From there we drove to a place that dried sardines, not for human consumption but for livestock. This is a way to get some salt into their diet. Talk about recycling: to keep the seagulls off the drying fish, the fishermen tie discarded plastic bags on long strings just above the fish. It was colorful and a win-win for the fishermen and the environment. We then stopped at an overlook and saw an old town and fishing boats. It is hard to imagine the miles and miles of seashore that have wide beautiful beaches and no people. If there were people on the beach at all, they were the local fishermen.
The next stop was an ancient frankincense town where the Queen of Sheba (a Yemeni) was said to have stopped to get the best quality frankincense to take as a gift to King Solomon as a gift. Frankincense was literally worth its weight in gold in past centuries and was called the "white gold". It was not until the Seventies when oil was discovered ("black gold"), that it was replaced as the major source of trade income.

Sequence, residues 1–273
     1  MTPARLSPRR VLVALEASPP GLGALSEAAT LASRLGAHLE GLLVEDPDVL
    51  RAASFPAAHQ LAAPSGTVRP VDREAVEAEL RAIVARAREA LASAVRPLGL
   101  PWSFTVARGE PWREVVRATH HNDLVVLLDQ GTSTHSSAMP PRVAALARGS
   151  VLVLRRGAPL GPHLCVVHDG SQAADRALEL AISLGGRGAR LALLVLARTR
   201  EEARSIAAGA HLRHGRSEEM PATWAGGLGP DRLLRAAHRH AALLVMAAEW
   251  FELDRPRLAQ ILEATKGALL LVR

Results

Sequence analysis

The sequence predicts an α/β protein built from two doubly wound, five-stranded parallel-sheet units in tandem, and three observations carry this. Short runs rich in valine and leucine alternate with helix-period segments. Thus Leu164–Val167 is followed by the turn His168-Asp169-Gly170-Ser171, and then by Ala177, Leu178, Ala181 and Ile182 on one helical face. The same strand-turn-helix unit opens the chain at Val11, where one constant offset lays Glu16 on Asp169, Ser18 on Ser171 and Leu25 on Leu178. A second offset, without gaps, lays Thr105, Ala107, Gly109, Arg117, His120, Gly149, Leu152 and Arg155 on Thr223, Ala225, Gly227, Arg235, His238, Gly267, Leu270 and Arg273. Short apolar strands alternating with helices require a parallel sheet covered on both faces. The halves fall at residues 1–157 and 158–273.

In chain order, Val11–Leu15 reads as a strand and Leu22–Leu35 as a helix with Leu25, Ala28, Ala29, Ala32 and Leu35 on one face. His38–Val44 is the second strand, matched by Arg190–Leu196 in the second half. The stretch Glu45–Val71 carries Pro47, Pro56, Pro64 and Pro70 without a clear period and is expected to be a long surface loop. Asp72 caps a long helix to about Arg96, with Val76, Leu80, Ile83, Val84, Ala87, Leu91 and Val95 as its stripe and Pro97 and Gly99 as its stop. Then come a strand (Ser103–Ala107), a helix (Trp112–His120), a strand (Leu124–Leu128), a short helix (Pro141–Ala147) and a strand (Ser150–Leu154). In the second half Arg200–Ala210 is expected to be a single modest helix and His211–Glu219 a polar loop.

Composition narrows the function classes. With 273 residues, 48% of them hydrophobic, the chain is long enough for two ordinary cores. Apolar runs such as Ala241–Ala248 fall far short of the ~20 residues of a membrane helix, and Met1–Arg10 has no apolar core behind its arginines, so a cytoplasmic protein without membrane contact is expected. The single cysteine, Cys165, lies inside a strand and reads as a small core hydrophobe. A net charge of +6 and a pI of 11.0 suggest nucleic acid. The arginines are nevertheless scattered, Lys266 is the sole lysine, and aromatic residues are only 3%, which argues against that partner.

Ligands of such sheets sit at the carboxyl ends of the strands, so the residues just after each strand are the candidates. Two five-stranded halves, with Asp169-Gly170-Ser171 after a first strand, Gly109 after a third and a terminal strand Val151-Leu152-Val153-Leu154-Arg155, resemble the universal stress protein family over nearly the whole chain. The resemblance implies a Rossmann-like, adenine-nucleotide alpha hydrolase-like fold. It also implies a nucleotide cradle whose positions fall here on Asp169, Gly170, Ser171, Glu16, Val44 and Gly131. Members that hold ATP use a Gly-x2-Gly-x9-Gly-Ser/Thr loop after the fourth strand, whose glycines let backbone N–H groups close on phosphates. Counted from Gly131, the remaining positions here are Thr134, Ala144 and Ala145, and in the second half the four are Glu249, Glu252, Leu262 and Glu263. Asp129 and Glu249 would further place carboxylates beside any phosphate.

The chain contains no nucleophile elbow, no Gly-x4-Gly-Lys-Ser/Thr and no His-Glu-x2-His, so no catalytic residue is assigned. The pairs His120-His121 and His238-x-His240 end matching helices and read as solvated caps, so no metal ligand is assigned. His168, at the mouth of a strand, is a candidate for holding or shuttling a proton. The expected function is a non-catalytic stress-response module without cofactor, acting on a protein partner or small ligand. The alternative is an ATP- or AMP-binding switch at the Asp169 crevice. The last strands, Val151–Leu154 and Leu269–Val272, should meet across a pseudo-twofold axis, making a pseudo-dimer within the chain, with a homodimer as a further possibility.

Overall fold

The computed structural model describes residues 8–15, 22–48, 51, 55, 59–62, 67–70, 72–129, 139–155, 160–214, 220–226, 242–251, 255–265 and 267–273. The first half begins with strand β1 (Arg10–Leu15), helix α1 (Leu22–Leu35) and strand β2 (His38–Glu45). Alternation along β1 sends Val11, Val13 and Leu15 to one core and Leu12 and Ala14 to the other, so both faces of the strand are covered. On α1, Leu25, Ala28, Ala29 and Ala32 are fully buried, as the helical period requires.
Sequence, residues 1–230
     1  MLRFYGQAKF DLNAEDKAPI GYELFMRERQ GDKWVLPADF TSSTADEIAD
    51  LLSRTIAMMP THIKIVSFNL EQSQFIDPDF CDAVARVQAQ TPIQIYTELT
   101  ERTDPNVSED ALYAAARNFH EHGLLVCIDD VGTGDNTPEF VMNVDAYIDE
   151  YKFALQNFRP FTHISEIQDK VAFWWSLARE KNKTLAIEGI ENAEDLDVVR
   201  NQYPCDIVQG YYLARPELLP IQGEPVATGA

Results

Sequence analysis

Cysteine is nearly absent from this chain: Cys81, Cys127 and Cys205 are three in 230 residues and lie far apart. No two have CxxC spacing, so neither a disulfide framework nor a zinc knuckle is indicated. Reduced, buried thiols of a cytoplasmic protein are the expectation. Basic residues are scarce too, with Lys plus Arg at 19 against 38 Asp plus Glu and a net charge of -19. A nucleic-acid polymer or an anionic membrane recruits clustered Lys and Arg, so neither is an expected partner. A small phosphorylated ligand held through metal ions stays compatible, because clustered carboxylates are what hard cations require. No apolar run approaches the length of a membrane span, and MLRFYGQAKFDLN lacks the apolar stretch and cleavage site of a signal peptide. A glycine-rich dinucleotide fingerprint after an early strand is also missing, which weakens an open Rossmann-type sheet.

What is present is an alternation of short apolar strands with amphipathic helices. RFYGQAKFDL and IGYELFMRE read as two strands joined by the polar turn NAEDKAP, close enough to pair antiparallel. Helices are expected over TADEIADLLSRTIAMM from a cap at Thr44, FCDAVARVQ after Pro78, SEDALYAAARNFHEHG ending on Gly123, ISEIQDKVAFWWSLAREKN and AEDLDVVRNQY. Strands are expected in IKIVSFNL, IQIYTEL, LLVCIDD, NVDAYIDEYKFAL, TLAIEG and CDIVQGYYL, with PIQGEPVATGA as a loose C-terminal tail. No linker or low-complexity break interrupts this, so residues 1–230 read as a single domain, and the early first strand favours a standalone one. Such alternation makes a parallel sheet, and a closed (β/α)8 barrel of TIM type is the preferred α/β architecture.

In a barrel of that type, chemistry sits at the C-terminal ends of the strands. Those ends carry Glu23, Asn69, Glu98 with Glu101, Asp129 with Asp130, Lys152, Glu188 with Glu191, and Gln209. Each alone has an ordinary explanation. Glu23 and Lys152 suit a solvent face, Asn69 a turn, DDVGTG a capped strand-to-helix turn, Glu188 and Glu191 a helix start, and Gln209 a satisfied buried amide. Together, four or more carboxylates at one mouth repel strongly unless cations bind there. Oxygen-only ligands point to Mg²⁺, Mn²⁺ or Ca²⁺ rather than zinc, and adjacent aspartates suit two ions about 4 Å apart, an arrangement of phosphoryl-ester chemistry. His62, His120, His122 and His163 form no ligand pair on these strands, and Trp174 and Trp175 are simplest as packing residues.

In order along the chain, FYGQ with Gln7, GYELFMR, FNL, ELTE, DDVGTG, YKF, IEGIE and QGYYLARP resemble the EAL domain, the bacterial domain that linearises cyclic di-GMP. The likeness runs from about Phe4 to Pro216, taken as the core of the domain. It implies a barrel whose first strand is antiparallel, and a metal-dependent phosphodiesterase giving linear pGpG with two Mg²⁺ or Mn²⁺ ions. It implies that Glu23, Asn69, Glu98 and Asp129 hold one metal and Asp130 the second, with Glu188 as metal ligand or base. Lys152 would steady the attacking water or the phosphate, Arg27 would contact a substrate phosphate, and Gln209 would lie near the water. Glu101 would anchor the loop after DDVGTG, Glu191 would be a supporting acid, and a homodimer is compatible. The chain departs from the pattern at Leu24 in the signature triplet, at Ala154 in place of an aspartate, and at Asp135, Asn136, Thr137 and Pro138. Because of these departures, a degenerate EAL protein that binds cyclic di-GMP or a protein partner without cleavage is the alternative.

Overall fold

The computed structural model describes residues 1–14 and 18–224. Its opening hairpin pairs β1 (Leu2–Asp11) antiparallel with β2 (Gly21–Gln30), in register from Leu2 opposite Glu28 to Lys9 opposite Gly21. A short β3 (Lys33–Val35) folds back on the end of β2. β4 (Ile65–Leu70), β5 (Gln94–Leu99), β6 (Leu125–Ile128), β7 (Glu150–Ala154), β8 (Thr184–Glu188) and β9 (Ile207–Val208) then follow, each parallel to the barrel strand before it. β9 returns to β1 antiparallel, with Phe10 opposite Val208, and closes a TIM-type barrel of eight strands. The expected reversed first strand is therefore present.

Later in the day, the guide took us into a rocky gully he knew about to show us frankincense trees and to demonstrate how the trees were cut (in a way reminiscent of maple sap harvesting). The tree, as it tries to heal itself, produces the sap that is frankincense.
We stopped for lunch in a deserted stretch of beach. The government builds cabanas on the beach for the citizens to picnic in. We had ours all to ourselves. There was a coral reef nearby where we went hiking at the low tide. In addition to all of the other sea life, there were beds of oysters on the coral.
We then drove to the west of Salalah to see some natural blowholes along the coast twenty miles or so from the city. Again, the scenery in the mountains as we drove there was breathtaking, like high desert in our Southwest, and the seashore where the blowholes were, deserted. As an aside, most of these sites were developed recently by the government. They are well maintained but eerily vacant of tourists - not that we are complaining.
Our trip, as least the tourist portion closes here. Today's tour was a wonderful capstone to a busy three weeks. We board a plane tomorrow for Dubai, stay at a hotel for about six hours, fly to Frankfurt, lay over for a few hours and continue flying to DC. By the time we finally get back to Bethesda we will need a transfusion. Then we'll need another transfusion after we add up the total number of pictures we've taken.
| TURKEY AND GREECE | CIRCLE THE ARCTIC